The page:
Eloise Blackwell – Cool head among Youth
Auckland contributed a handful of players to the Black Ferns who won the Pac4 series in Ottawa, Canada recently.
Back home, the Farah Palmer Cup presented by Bunnings Warehouse kicked off and the Storm, without that considerable ammunition, went within a whisker of losing both their opening games, an outcome that could have entirely derailed their semi-final prospects.
Following a 32-31 defeat to Hawke's Bay in the opening round Auckland was down two players and trailing 15-10 to Wellington at the Hutt Rec with ten minutes to play.
Gillian Fa’aumu and Eloise Blackwell were both in the sin bin as the Pride pressed hard for their first victory over Auckland since 2006. With 75 games for Auckland and 46 Tests for the Black Ferns, Blackwell was in the worst possible place for Auckland.
"The yellow card was obviously subjective," Blackwell laughed.
"I felt a little hard done by. Milly Mackey might have milked it but that's rugby. There's no point living in the past. You've got to get on with the next job."
When Blackwell returned to the field it was still 15-10 to Wellington but Auckland was hot on the attack with one final play.
"We got a penalty and some of the girls wanted to tap but I knew we were strong in the set piece, so I ordered a scrum," Blackwell said.
"We hit the blindside, but it was tough. The weather played a huge part in that game. It was wet and windy, everything was hard-earned.
"Fortunately, we stuck to our shape and did our jobs. It was great to score a try, but Sophie Fisher really won the game with her conversion. She was cool, calm, and collected."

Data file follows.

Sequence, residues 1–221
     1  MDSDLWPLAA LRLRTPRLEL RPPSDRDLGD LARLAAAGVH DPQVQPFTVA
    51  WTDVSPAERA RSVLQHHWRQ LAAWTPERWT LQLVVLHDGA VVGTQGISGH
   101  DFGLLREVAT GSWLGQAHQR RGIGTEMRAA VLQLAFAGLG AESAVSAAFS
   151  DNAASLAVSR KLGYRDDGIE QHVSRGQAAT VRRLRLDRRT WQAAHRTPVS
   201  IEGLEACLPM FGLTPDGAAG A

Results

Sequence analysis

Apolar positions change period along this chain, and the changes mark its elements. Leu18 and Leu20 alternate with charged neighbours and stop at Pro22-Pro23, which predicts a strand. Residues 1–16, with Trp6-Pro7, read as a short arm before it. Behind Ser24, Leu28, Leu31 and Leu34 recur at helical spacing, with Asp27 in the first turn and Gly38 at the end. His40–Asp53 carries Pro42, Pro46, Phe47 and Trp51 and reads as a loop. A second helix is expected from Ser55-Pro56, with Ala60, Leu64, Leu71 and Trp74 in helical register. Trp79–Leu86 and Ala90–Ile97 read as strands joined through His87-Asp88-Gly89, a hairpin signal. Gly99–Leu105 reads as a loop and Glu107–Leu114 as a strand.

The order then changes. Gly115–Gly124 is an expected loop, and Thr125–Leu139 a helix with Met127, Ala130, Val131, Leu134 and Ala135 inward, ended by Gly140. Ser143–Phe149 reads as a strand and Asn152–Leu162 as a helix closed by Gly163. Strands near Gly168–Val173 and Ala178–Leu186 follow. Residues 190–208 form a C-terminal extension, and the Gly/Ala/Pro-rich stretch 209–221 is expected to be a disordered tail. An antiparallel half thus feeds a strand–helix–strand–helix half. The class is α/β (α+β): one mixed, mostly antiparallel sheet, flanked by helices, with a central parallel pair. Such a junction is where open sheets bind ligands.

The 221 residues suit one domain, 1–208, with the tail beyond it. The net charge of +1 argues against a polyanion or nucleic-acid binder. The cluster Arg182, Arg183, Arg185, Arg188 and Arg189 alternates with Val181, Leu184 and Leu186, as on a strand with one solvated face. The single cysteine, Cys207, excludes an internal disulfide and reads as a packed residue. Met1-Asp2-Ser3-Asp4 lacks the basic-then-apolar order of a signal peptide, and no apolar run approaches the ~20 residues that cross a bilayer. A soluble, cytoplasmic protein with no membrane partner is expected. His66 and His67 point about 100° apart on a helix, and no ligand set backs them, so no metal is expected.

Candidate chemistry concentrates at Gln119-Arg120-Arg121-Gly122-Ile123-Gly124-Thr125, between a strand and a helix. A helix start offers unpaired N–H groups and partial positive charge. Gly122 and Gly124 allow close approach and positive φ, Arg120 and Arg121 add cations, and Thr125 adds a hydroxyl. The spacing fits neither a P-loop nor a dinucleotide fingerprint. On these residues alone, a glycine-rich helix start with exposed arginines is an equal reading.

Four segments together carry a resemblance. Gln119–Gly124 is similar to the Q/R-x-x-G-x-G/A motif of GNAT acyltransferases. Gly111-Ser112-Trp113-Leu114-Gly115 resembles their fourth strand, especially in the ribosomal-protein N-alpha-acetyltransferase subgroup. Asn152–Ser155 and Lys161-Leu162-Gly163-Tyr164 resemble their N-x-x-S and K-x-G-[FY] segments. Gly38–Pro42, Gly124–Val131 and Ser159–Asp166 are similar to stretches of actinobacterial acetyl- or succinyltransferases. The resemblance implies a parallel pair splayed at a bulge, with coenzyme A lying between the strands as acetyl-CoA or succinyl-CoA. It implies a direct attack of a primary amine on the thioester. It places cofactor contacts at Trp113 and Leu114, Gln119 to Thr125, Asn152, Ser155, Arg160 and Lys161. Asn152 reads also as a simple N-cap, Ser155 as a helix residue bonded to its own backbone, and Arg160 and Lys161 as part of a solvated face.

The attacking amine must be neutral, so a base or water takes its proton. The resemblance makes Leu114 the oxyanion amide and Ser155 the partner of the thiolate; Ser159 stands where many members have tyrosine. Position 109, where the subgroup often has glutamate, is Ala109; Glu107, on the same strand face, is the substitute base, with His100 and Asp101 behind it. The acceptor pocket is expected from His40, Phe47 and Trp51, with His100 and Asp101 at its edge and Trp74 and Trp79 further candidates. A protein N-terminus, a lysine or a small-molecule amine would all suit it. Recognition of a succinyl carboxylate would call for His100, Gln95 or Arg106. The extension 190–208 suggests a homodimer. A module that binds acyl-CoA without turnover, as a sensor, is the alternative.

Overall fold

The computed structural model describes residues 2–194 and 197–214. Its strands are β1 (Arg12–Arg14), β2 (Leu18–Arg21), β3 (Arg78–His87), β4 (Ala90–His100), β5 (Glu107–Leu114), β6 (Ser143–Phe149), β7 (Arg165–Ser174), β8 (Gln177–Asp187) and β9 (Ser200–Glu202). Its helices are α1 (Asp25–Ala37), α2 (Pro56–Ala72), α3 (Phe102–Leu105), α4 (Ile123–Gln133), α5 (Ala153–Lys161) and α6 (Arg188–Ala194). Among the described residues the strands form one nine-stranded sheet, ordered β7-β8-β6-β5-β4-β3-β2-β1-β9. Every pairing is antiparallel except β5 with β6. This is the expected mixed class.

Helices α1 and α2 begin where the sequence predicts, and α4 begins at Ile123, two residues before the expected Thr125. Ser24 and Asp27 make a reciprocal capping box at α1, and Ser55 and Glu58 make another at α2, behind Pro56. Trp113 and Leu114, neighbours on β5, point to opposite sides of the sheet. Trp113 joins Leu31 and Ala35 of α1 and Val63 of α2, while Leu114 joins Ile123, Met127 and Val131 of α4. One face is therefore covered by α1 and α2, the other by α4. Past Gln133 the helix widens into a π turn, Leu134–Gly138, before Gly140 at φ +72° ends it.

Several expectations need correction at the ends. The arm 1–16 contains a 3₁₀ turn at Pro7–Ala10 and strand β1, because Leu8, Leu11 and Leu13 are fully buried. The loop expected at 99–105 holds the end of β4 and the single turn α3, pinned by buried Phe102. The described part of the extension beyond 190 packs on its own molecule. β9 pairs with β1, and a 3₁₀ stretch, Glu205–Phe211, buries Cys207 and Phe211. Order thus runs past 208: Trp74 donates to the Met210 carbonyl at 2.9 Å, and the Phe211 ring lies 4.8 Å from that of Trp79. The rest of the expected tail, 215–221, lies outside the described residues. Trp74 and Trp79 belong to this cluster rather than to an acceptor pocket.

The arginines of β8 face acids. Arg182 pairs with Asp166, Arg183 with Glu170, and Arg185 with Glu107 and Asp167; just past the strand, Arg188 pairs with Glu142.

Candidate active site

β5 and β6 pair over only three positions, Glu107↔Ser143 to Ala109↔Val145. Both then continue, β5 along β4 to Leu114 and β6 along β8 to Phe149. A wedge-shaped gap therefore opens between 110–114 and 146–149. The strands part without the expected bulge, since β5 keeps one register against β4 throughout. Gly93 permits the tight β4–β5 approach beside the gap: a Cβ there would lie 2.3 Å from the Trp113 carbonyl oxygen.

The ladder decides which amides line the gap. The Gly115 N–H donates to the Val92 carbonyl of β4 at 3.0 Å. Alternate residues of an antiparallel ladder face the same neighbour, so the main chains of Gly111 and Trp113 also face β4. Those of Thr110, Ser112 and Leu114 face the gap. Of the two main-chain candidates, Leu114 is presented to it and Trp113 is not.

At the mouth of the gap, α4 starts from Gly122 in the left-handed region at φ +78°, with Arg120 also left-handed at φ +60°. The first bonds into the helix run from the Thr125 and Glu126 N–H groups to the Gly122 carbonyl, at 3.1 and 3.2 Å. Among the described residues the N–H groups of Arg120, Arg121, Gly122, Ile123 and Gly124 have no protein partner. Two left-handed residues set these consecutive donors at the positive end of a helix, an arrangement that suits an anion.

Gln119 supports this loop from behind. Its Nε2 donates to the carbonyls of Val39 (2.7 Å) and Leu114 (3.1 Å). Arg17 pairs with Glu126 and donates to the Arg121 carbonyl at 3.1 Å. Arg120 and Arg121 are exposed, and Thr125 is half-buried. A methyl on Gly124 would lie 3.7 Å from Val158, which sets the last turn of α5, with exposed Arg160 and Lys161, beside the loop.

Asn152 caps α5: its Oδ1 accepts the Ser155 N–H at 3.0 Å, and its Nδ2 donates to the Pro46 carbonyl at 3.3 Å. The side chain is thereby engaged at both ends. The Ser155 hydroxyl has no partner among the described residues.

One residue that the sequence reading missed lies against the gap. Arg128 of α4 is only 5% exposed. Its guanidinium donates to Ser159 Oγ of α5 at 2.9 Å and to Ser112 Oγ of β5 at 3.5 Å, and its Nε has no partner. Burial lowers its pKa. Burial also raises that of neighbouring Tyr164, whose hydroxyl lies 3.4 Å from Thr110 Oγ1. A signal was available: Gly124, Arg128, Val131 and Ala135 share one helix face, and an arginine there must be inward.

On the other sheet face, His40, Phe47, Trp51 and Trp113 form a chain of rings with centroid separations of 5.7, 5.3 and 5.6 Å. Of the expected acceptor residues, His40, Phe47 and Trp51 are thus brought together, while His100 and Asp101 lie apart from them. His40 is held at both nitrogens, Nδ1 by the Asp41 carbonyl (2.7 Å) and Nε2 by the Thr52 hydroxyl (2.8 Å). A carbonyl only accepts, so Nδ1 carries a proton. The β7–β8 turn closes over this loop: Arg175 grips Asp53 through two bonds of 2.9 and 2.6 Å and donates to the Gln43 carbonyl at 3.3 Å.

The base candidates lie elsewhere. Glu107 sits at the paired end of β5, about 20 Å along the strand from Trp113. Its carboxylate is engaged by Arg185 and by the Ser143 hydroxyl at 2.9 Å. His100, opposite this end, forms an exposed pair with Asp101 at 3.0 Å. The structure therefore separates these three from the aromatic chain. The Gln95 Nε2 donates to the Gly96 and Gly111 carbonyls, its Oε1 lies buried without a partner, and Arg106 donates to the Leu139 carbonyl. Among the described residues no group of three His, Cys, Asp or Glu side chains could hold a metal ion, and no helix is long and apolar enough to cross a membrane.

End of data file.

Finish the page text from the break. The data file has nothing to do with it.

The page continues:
Auckland prevailed 17-15 with Fisher atoning for a miss in similar circumstances a week earlier.
"I was so proud of the girls. Their effort to hang in while we were down to 13 was awesome. There were some key moments before the last try like the break by Princes Elliott and the turnover by Danny-Lee Fesolai. It was a real collective effort," Blackwell said.
During the week Blackwell is a schoolteacher at Epsom Girls’ Grammar School. With the youth of the Auckland side, she admits she sometimes feels like a schoolteacher at training but conceded the “banter” and “enthusiasm” was infectious.
Black Ferns lock Maia Roos is likely to partner Blackwell in the second row when Auckland hosts Bay of Plenty at Colin Maiden Park on Saturday. Roos became the youngest-ever Black Ferns captain, aged 21 when she led New Zealand to a 39-17 win over the USA on July 15.
“Maia has been a quiet and humble achiever since she became a part of the Storm. You could see straight away she had what it takes for the next level and her appointment as captain wasn’t a surprise to me and a very proud moment for her school, club, and family,” Blackwell said.
“Having the Black Ferns back this week has lifted the intensity. It’s great for the girls to rub shoulders with some of the best in the world.”
“Bay of Plenty will be a tough game. We expect them to be particularly strong at the set piece. Their scrum has been going well this season and their proficient in the lineouts.
“I watched Hawke’s Bay play Waikato and was really impressed with Hawke’s Bay again. The way Krysten Cottrell uses her boot to dictate territory is really effective. Hawke’s Bay clearly has that underdog spirit about them, and I think they’ll stay hard to beat like everyone else in FPC.”
Blackwell won a World Cup with the Black Ferns in 2017 but was almost equally elated when her club Ponsonby upset previously unbeaten College Rifles to win the Coleman Shield this year. It was often a struggle for Ponsonby to assemble numbers and due to flooding in Auckland, they had no permanent home ground but pulled through anyway.